It was not until Jill Camarena-Williams nabbed bronze at the 2011 Worlds that a rotational shot putter broke through. Prior to that, every World and Olympic medal awarded in the women’s shot had been won by a glider.
But the increasing success of the rotational technique among the men (including a sweep of shot medals at the 2000 Olympics) caused Smith to believe that women could benefit from adopting the rotational technique as well.
In March of 2014, shortly before Ramsey joined his training group, Smith posted an article in which he made a compelling case that it was time for female putters to abandon the glide.
So Ramsey was in for a bit of a surprise when she arrived in Oxford. Smith wanted to convert her to the spin.
She did not give in easily.
“The first year,” Smith told me a couple of days after the USATF meet, “she fought me on it. If the spin wasn’t working for her in practice, she’d go back to the glide.”
Ramsey has similar memories of that period. “I didn’t want to change because I was consistently throwing 58-59 feet with the glide, and when we tried the spin it was so hard! Some days I’d be like, ‘I got this!’ Then other days, I’d be slipping in the middle, fouling, dropping my elbow, and I’d think, ‘I’m going back to the glide!’ The thing about the spin is, if you miss one thing then the whole throw is messed up! That’s what’s frustrating about it. Even at meets, I’d sometimes start with the spin and then switch to the glide.”
Complicating matters was the fact that over her first two seasons with Smith, Ramsey pushed her glide PR into the 18-meter range. But Smith still felt that she was wasting her potential.
“She’s 5’6”, which is too small to be more than a sixty-foot glider. She’s explosive as hell, but her top end in the glide will never be what it is in the spin.”
Matters came to a head at the 2016 Olympic Trials.
“She didn’t throw worth a crap at the Trials,“ Smith recalled, “and a couple of days later at practice right there in Eugene, I said, ‘You need to change to the spin. I know for a fact from training people over the years that the spin is nine to nine-and-a-half percent better than the glide. If you add that on to your glide, you’re a sixty-six-footer!’”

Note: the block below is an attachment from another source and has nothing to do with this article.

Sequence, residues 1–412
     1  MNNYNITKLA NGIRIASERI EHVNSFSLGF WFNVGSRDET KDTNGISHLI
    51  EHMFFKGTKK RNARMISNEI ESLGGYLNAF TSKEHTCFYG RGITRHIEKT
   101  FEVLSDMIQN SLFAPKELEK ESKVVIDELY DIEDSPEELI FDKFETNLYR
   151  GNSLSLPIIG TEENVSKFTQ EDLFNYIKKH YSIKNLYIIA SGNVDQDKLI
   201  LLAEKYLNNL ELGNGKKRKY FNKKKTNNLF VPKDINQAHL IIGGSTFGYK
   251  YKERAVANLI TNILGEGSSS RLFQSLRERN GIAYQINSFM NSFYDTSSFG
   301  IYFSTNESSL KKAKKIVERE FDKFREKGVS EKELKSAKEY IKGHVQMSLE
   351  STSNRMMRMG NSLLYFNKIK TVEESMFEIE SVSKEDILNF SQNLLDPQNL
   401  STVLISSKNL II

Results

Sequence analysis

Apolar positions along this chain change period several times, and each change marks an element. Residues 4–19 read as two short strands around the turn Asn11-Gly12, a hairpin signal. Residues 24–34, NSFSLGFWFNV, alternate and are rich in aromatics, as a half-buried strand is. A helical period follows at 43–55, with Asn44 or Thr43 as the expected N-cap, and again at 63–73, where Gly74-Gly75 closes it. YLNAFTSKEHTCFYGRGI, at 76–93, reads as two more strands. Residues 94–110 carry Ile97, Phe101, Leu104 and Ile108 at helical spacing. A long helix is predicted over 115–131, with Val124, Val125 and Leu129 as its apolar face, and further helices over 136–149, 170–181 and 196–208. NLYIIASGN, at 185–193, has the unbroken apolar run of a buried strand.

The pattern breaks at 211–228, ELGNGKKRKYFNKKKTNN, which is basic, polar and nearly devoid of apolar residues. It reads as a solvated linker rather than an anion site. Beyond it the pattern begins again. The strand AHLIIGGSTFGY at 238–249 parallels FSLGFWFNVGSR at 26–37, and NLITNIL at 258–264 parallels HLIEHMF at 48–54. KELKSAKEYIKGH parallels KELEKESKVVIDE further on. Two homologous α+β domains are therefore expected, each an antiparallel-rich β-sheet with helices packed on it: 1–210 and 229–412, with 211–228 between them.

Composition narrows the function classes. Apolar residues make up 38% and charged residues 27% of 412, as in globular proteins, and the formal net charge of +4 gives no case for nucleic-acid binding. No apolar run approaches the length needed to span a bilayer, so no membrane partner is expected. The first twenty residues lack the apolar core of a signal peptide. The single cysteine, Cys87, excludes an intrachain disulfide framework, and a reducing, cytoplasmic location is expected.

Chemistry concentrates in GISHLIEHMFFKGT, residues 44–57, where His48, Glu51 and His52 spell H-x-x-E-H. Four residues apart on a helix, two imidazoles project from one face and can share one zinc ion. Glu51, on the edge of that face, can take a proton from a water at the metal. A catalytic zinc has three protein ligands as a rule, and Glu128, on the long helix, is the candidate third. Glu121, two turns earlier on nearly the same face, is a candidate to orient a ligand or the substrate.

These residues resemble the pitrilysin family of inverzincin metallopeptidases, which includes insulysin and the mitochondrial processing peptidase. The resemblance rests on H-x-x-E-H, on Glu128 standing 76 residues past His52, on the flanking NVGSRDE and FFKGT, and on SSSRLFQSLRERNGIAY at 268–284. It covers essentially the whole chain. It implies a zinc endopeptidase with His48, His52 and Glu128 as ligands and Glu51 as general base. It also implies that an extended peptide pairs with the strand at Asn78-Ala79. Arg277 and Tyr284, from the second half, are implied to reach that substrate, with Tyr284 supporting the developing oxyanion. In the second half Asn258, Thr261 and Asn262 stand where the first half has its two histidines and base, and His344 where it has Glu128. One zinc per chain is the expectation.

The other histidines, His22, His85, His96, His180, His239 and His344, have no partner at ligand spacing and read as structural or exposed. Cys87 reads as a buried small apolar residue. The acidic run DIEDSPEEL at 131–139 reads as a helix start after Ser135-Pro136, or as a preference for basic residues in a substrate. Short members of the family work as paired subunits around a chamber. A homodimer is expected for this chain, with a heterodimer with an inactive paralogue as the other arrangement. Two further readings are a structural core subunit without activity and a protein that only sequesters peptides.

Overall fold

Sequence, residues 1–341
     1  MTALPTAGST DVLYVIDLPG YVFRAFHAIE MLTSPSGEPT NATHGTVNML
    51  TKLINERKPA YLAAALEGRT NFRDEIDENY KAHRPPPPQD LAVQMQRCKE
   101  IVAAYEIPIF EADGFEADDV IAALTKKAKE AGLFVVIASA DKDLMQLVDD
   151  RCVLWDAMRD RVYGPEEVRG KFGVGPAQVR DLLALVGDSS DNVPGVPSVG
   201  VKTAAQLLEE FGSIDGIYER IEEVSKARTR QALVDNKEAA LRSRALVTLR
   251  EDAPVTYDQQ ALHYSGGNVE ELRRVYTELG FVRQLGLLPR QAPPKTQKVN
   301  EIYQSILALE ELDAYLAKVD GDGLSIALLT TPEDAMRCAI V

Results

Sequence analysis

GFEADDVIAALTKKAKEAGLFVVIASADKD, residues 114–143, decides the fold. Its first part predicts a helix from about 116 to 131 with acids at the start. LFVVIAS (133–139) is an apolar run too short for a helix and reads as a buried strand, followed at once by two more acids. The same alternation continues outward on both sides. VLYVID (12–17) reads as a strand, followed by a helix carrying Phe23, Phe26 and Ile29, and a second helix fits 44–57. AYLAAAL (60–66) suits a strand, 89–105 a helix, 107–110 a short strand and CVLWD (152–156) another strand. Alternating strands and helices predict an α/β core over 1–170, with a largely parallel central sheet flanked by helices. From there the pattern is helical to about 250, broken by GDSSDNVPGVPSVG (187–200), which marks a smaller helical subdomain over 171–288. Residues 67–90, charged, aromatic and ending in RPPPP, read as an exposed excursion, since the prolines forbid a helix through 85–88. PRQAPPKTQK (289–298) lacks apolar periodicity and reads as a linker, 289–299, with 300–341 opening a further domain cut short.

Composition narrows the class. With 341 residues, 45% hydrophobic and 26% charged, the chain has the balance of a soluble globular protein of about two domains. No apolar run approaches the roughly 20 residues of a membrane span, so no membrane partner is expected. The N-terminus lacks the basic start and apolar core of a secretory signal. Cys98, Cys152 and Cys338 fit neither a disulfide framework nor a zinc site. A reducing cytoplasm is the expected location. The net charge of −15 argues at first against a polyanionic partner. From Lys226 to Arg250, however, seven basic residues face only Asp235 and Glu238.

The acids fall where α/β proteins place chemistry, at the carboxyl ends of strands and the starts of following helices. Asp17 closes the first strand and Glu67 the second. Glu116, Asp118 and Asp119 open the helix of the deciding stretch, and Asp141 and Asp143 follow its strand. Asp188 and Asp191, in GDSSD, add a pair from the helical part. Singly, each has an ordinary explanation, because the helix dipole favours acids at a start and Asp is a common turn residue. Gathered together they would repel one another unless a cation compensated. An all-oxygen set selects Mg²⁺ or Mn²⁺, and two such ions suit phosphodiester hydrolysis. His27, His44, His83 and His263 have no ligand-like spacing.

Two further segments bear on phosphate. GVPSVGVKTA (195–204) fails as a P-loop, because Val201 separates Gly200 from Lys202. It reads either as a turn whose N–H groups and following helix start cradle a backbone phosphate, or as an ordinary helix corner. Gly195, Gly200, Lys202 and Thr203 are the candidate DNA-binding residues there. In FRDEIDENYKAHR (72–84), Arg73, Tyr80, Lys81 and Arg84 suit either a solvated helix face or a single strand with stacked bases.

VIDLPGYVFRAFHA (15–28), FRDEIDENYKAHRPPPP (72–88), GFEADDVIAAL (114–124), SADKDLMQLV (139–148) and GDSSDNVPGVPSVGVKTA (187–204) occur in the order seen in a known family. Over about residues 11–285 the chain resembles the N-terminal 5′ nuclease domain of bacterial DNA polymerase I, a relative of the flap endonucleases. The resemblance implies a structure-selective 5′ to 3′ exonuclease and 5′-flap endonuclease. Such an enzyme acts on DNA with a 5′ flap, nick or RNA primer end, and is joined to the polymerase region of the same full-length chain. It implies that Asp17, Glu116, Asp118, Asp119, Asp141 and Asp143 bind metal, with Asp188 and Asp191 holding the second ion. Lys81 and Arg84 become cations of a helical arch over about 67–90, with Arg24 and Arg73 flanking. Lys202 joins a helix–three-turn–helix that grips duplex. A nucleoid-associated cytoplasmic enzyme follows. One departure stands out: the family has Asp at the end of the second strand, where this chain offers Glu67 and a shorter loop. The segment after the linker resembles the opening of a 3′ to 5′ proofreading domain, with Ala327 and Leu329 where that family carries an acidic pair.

Finally, a year ago, Ramsey committed fully to the rotational technique. Job one was to master the art of using the ground or, as Smith calls it, “working the Earth.”
Over many years of careful observation, Smith came to believe that gliders and non-reverse discus throwers shared a quality that was often missing from the technique of rotational putters: a strong connection with the ground. As he saw it, discus throwers and rotational putters who focused too much on getting air time–whether during the non-support phase or as they launched the implement from the power position–were sacrificing distance and reliability.
He discussed his theory in this article first posted in 2003. (Note: Check out Smith’s vision of the kind of rotational putter who might eventually threaten the men’s world record. It calls to mind a certain Sasquatch-sized Olympic record holder who was eleven years old at the time Smith wrote the article.)
Long story short, Smith made Ramsey take a whole lotta fixed-feet throws over the past year.
It all finally came together in Des Moines. After her huge throw, Ramsey felt the emotions welling but tried to hold them back. “I had to compose myself because I didn’t want it to look like I didn’t know I had a throw like that in me.”
She didn’t come close to 19 meters again (her series went 19.23m, 17.65m, 17.61m, F, 18.24m, F), and she didn’t win (Ewen passed her in round five with a toss of 19.29m) but that one throw was enough to get her an invitation to her first Diamond League meeting (in Rabat on July 13th) and perhaps usher in further life changes that will make staying in the upper echelon of putters a bit easier than getting there in the first place.
A strong showing in Rabat could get her invited to the Diamond League meeting in Monaco on July 19th. She is also scheduled to compete at the NACAC Championships in Toronto in early August.
If she finishes the year with a top-ten world ranking, Ramsey will likely qualify for the USATF tier system, which will allow her to have health insurance for the first time since leaving college.
Additionally, Ramsey hopes to soon be sponsored by the New York Athletic Club. Should that happen, she would be able to cut down to working only one job and have more time to recover from her daily training sessions.
Owing to the brutal financial calculus of the sport of track and field, Ramsey’s performance in this next handful of meets may determine whether or not her days of averaging five hours of sleep, of trying to get by on $300-$400 dollars worth of food per month, or praying that she doesn’t sustain an injury for which she cannot afford treatment, are over.
Either way, Ramsey is committed to continuing her journey.
“Confidence is the biggest thing in this track industry, and I’ve got it. I believe I am going to throw great in Rabat and that will open more doors for me.”
Not a bad attitude for a young athlete who wants nothing more out of life than a little extra free time that she can devote to mastering the fine art of “working the Earth.”
(You can find additional coverage of the USATF women’s shot competition including videotaped interviews with Jessica, Michelle, and Maggie here.)